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The Asian Mediterranean

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The Asian Mediterranean

Port Cities and Trading Networks in China, Japan and Southeast Asia, 13th–21st Century

François Gipouloux

François Gipouloux, Research Director, Centre National de la Recherche Scientifique (CNRS), France

2011 424 pp Hardback 978 0 85793 426 0
ebook isbn 978 0 85793 427 7

Hardback £98.00 on-line price £88.20

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Description
‘François Gipouloux has written a vast and comprehensive history of the Asian economic system. In the tradition of Braudel, he paints a picture that is detailed, full of insight, and essentially very long term. On the basis of an analysis of the old Mediterranean and Hanseatic economic networks, he surveys the pre-modern Asian system, bringing it up to date with studies of Yokohama, Hong Kong, Singapore and other Asian hubs. The culmination of many years’ work, Gipouloux throws light on a new China – a China no longer land based and inward looking but dependent on, and a power in, a maritime world.’
– Christopher Howe, University of London, UK

Contents
Contents: Preface Introduction: The ‘Mediterraneans’ of Europe and Asia Part I: Two Models of Expansion Without Borders: The European Mediterraneans 1. The Mediterraneans and Global Expansion 2. Long Distance Trade and Urban Sovereignty: The Competitive Model of the Mediterranean at the Time of the Repubbliche Marinare 3. The Hanseatic League: A Model of Cooperation on the Baltic Sea Part II: Early Outlines of an Asian Mediterranean: The Predominance of Tributary Trade 4. Asian Trading Kingdoms and Independent Urban Entities: From the 7th to the 17th Century 5. The Organisation of Trade in Asia: The Weight of Government Monopolies 6. Tributary Trade and Unofficial Trade 7. Japan’s Place in Intra-Asian Trade: Resisting Chinese Hegemony 8. The Asian Maritime System Part III: The Overlapping of Western and Asian Trading Networks 9. European Expansion or Asian Force of Attraction? 10. Forced Openings and Treaty Ports 11. The Cosmopolitanism of Asian Trade Networks Part IV: The Arena of Re-globalisation: The Second Birth of the Asian Mediterranean 12. Chinese Coastal Cities Confronting the Challenge of Globalisation 13. The East Asian Manufacturing Belt 14. Hong Kong versus Shanghai: Rivalry between Middlemen 15. Competition between Logistic Hubs in Asia 16. Hong Kong, Shanghai, or Peking: Where Will China’s International Financial Centre be Located? Part V: The Asian Mediterranean and the Challenges to State Sovereignty 17. Transnational Regions and the East Asian Economic Corridor: An Asian Mediterranean 18. The Asian Mediterranean and the Reshaping of China’s Economic Space 19. Local Protectionism and Trade Wars: Market Fragmentation in China 20. China’s Power Base Shifts Back Towards the Sea Conclusion Bibliography Index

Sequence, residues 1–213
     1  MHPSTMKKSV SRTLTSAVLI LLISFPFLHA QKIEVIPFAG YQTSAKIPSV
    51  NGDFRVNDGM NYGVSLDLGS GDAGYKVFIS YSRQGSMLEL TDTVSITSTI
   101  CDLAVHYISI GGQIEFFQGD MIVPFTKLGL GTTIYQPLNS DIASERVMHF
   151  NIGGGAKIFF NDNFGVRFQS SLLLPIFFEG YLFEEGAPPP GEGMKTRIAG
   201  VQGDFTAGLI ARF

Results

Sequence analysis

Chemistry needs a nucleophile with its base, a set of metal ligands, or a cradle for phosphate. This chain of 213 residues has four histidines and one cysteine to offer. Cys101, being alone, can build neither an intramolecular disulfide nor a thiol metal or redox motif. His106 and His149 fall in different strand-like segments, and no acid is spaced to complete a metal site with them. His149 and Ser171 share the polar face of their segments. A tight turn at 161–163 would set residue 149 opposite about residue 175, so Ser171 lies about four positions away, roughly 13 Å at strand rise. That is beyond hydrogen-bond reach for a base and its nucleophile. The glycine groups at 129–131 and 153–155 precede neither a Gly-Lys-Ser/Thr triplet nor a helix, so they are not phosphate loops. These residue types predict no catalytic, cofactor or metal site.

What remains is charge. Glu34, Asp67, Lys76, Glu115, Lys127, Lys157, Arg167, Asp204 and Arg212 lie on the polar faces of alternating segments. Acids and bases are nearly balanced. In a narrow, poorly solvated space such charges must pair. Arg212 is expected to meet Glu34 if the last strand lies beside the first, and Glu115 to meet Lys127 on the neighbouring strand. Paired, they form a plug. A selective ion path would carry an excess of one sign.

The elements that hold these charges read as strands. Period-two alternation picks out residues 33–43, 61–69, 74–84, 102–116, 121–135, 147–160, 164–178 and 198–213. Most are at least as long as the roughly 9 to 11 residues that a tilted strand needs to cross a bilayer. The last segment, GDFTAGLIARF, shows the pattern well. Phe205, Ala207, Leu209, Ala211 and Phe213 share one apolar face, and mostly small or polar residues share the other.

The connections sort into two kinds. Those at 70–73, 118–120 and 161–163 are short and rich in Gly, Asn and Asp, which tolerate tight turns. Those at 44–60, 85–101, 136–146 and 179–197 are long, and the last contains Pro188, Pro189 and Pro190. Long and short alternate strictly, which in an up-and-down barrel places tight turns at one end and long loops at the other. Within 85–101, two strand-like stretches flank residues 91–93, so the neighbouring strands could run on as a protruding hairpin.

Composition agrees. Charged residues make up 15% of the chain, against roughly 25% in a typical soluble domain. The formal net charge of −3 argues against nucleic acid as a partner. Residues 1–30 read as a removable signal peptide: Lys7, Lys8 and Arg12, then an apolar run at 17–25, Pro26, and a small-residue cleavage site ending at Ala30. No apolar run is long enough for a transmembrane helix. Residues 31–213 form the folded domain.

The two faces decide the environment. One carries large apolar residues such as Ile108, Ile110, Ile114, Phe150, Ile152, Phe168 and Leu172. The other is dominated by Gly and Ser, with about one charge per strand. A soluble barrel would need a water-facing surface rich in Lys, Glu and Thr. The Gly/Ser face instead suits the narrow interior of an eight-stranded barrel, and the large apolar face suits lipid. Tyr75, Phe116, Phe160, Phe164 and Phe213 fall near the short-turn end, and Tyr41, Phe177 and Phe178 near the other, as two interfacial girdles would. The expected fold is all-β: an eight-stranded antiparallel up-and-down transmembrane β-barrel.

Further information

‘Gipouloux’s narrative is clear and accessible, and his conclusions are innovative and insightful. This short review can barely scratch the surface of this impressively sophisticated study.’
– S.C. Levi, Choice

‘This excellent and very original book will help to a better understanding on the long run dynamics of a region that is today taking more and more importance in the world economy, and a major contribution to the internal renewal of the social sciences, that need to overcome their traditional eurocentric point of view. François Gipouloux is a very bright geographer and economist. . . I am sure that The Asian Mediterranean will open the way to other further steps, and will have an important impact on an international English-reading scholarly public.’
– Maurice Aymard, Maison des Sciences de l'Homme, France